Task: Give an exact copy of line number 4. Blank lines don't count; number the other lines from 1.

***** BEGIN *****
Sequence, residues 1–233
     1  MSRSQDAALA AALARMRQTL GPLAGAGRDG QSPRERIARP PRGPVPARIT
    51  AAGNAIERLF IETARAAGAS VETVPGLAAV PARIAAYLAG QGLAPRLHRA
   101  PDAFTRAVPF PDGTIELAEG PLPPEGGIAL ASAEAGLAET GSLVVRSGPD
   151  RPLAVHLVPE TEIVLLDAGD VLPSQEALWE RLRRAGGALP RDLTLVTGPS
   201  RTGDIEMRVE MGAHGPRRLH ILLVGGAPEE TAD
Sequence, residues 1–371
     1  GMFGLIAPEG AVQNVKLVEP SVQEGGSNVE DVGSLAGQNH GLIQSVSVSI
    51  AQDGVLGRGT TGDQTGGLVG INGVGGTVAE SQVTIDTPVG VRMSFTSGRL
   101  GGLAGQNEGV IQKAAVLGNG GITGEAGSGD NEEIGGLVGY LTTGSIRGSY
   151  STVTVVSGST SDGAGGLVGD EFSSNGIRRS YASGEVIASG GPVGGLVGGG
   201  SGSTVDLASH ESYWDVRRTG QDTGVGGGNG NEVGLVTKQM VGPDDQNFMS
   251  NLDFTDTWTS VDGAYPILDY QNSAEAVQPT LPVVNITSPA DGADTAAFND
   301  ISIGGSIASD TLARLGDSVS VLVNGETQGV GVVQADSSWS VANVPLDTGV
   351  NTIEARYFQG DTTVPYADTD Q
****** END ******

   101  PDAFTRAVPF PDGTIELAEG PLPPEGGIAL ASAEAGLAET GSLVVRSGPD